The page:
Days filled with high mileage long runs and beautiful trails. Training camps sound wonderful. These “training camps” might be officially organized by a race, an organization, or a training group. But, your coach or you can also design your own training camp. Let’s look at what exactly is considered a “training camp” (for ultramarathons) and what to take into account when designing one for your athlete or yourself.
What is a Training Camp?
A training camp, aimed at ultramarathon training, condenses a high amount of training volume into a few days. Properly placed in the context of training, a training camp can provide an impactful endurance stimulus and also provide a unique opportunity to address a multitude of other considerations for race day.
What is the Structure of a Training Camp?
Timing: A training camp is usually 3-4 days in length, but even a weekend of back-to-back long runs can provide a similar stimulus and experience. The camp should come after a cut-back week so a runner is coming in fresh. The camp falls in the endurance phase of training, where the focus is on low intensity and high volume. Ideally, it’s 4-8 weeks out from your race, allowing for adequate time for recovery, and a final block of race specific training.
Location: Every Memorial Day weekend, Western States 100 holds a training camp where runners get to experience the course for a few days. A training camp on the actual race course doesn’t get any more race specific! Otherwise, aim for terrain and routes that are similar to the race, with similar elevation gain and ascent per mile, running surface, climate, and key course features (i.e. big climbs).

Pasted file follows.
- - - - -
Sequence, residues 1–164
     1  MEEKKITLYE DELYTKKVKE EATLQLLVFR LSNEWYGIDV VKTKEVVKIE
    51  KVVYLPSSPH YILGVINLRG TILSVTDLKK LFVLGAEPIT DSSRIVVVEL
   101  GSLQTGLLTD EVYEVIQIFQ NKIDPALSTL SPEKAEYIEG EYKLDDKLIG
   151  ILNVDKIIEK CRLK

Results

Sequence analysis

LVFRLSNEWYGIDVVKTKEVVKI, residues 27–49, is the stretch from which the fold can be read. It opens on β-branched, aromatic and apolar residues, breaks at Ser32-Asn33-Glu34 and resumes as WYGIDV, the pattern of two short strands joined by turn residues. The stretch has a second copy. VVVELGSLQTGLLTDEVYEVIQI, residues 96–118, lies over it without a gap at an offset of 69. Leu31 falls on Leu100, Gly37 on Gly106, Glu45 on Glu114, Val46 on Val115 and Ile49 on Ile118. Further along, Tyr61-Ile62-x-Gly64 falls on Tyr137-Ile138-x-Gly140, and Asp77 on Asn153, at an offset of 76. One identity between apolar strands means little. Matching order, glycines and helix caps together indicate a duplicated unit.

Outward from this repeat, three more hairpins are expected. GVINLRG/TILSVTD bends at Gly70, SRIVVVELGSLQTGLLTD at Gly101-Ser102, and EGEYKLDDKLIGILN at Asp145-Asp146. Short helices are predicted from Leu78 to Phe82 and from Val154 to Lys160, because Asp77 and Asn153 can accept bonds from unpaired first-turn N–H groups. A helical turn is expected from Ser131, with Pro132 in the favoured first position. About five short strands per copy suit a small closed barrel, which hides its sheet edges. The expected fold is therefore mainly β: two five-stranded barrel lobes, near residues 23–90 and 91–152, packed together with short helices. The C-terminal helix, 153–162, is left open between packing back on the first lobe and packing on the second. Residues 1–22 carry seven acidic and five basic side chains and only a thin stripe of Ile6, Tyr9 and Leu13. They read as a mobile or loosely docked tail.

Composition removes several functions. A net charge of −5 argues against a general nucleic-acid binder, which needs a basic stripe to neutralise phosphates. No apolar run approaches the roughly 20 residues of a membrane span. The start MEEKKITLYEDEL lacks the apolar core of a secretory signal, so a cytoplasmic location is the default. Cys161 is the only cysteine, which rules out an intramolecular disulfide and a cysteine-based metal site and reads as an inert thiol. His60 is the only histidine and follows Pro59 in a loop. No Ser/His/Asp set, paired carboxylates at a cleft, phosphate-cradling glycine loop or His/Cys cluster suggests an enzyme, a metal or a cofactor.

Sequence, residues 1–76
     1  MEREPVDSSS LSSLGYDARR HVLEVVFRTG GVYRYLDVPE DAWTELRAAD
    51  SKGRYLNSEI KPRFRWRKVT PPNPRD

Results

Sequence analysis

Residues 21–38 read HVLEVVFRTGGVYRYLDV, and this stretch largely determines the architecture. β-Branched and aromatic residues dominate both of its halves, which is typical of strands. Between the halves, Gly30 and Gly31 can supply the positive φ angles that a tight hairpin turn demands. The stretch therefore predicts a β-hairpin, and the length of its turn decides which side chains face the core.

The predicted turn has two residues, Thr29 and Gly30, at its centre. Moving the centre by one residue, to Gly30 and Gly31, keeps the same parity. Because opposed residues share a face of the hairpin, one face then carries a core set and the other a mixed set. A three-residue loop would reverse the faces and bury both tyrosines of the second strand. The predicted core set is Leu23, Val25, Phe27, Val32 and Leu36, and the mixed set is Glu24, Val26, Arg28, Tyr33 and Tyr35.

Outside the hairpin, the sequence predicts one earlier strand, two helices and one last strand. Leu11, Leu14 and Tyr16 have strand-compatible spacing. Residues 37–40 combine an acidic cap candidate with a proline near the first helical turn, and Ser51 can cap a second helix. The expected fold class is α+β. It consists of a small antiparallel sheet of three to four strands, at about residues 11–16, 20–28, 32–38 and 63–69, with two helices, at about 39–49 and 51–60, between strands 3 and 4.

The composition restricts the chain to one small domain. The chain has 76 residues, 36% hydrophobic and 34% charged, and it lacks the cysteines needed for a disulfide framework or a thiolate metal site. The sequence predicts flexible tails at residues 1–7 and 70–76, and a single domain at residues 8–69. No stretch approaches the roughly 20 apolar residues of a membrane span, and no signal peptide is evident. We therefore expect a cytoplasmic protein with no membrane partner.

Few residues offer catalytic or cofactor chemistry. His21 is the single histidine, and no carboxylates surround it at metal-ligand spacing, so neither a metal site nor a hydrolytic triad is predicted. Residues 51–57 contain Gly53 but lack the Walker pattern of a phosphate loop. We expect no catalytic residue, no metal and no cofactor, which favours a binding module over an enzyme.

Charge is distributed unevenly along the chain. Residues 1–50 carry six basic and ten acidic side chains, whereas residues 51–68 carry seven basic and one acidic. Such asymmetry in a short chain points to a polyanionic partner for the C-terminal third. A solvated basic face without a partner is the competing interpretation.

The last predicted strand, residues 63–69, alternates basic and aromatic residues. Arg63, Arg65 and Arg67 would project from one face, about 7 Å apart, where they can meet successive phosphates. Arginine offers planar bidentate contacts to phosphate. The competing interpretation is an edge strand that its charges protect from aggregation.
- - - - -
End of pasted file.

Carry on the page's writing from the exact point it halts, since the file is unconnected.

Volume: Let’s take a look at a typical 3 day training camp structure. A training camp should start with the highest volume day (the largest stimulus), then decrease in volume each preceding day. For example, a 100 mile race focused training camp might look like 6 hours, 5 hours, 4 hours. The volume of the runs is specific to the runner, starting at around 3-4 times a runner’s average daily volume.
What Else Can Be Gained from a Training Camp?
A training camp also allows time to practice a variety of other ultrarunning skills specific to your goal race:
Nutrition and hydration
Running gear and clothing
Self talk, visualization, and mental endurance
While all of these skills should be practiced throughout training, the longer runs allow for more race-like conditions.
So is a Training Camp Worth It?
Sorry to be downer, but, like so much of training, it depends. If you’re dealing with an injury, are close to race day, and feel worn down or stressed, most likely not. But if you’re able to find a few days, further enough out from your race, where you can devote most of your attention to everything that is a part of a training camp, then yes, they could absolutely be worth it. Working with a coach that considers the individual athlete and broader training perspective (like we do here at Golden Endurance :) can help you decide.